The congressional rider removing gray wolves from Endangered Species Act protection faces a court challenge in Missoula on Tuesday.

The Alliance for the Wild Rockies, Center for Biological Diversity, Friends of the Clearwater and WildEarth Guardians together claim Congress violated the U.S. Constitution's separation of powers doctrine when it ordered the wolf delisted and blocked future court review of that decision.

In response, attorneys for Interior Secretary Ken Salazar say Congress has frequently rewritten laws to get around court rulings, and courts have endorsed the practice.

U.S. District Judge Don Molloy will hear both sides' arguments for summary judgment on Tuesday at 9:30 a.m. in his Missoula courtroom. Center for Biological Diversity attorney Christopher Karr said each side will have an hour to make its claims.

Last August, Molloy ruled the U.S. Fish and Wildlife Service acted improperly by delisting wolves in Montana and Idaho but not Wyoming. He said the Endangered Species Act didn't allow such political boundaries to determine how a free-roaming species is managed.

In April, Congress passed a rider to its appropriations bill co-written by Sens. Jon Tester, D-Mont., and Mike Simpson, R-Idaho, directing the agency to reissue its 2009 wolf delisting order. Montana and Idaho wildlife authorities now manage wolves in those states, and have authorized wolf hunting seasons for this fall.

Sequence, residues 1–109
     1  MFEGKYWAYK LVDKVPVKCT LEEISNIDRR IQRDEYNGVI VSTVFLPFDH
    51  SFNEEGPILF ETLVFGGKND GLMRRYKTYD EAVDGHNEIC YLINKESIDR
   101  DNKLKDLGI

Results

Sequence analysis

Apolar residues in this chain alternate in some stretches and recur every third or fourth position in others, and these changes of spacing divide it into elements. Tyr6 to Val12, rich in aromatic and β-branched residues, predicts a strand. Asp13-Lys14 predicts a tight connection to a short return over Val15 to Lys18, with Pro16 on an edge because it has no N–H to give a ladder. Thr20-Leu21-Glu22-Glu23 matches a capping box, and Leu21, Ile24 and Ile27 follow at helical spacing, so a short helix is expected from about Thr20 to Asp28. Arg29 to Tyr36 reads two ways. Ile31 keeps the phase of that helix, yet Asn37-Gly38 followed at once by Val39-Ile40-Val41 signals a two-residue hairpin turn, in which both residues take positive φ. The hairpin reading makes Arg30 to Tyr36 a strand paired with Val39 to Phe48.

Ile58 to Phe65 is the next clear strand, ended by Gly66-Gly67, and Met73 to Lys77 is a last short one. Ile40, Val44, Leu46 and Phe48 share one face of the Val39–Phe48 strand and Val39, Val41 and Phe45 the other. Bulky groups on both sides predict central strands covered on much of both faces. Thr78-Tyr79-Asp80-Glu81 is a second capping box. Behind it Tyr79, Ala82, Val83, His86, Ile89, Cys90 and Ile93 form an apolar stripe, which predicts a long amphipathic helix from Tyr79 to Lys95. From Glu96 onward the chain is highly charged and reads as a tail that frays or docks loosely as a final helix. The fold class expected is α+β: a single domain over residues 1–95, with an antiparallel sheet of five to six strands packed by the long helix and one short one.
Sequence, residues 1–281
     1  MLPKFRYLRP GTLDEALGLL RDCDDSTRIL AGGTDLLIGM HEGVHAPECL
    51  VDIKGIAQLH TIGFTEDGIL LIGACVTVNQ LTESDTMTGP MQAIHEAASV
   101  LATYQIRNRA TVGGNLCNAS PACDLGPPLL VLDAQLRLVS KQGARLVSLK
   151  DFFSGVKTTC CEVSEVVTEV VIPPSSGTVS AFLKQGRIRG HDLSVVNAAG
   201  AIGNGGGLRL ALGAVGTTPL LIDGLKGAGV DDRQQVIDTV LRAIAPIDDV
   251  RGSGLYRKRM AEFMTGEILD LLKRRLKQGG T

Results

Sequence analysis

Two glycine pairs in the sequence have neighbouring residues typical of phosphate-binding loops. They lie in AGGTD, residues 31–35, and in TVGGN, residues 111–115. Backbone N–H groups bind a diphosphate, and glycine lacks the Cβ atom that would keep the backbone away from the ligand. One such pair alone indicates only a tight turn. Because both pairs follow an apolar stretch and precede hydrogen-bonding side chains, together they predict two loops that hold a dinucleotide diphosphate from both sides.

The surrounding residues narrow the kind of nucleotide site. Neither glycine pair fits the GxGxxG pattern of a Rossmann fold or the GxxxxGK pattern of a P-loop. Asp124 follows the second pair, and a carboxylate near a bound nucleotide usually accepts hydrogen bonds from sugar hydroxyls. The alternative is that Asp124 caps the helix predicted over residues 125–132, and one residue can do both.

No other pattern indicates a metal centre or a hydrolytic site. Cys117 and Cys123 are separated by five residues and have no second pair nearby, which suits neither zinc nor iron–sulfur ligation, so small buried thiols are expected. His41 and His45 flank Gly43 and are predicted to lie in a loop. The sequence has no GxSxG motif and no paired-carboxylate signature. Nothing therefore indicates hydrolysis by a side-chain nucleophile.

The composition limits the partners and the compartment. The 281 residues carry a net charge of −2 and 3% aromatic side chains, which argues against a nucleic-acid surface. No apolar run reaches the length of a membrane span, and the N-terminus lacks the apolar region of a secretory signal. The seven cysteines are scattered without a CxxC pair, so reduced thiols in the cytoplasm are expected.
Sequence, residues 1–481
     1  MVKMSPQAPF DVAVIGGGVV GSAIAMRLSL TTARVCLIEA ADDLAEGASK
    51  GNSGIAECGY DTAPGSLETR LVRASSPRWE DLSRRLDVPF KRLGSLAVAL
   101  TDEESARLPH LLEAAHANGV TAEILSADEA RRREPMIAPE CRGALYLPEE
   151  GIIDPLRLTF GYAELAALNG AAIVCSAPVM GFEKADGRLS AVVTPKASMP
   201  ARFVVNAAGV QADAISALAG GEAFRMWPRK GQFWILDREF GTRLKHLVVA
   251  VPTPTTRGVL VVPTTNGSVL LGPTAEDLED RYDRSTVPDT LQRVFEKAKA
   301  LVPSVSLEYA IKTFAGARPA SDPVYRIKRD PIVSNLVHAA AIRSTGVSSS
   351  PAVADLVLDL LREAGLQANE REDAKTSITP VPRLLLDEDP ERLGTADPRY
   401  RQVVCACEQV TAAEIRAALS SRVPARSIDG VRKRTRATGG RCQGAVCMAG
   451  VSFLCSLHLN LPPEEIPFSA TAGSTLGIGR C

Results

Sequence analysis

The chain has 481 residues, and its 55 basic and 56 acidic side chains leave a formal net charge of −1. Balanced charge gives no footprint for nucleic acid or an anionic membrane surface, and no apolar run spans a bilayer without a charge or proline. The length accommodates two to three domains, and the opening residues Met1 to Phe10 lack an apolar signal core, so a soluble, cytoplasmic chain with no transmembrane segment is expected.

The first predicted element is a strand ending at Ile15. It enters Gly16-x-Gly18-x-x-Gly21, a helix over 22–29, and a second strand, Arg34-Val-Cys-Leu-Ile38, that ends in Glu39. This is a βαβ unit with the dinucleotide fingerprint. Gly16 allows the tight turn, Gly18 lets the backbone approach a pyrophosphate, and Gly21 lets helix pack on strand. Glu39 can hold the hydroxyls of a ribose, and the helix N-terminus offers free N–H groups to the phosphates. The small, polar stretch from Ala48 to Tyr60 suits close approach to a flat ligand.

In their court filings, pro-wolf attorney Karr argued that the congressional rider was "the only time, in the ESA's nearly 40-year history, that Congress has legislatively delisted a species." That maneuver unconstitutionally interferes with the judicial branch's power to review congressional action and forces a court decision without changing the underlying law, he claimed.

In response, federal government attorney Ignacia Moreno cited numerous other examples where Congress passed laws that prohibited further judicial review.

"(N)othing ... precludes Congress from effectively pre-ordaining results in pending litigation by shifting the legal goalposts when the evidentiary football has come to rest," Moreno wrote. And while the rider didn't explicitly amend the Endangered Species Act, Moreno said it did legally change the way the act manages "a subset of a particular species, in particular regions."

The wolf advocates want the rider declared unconstitutional and the gray wolf returned to federal protection in Montana and Idaho.

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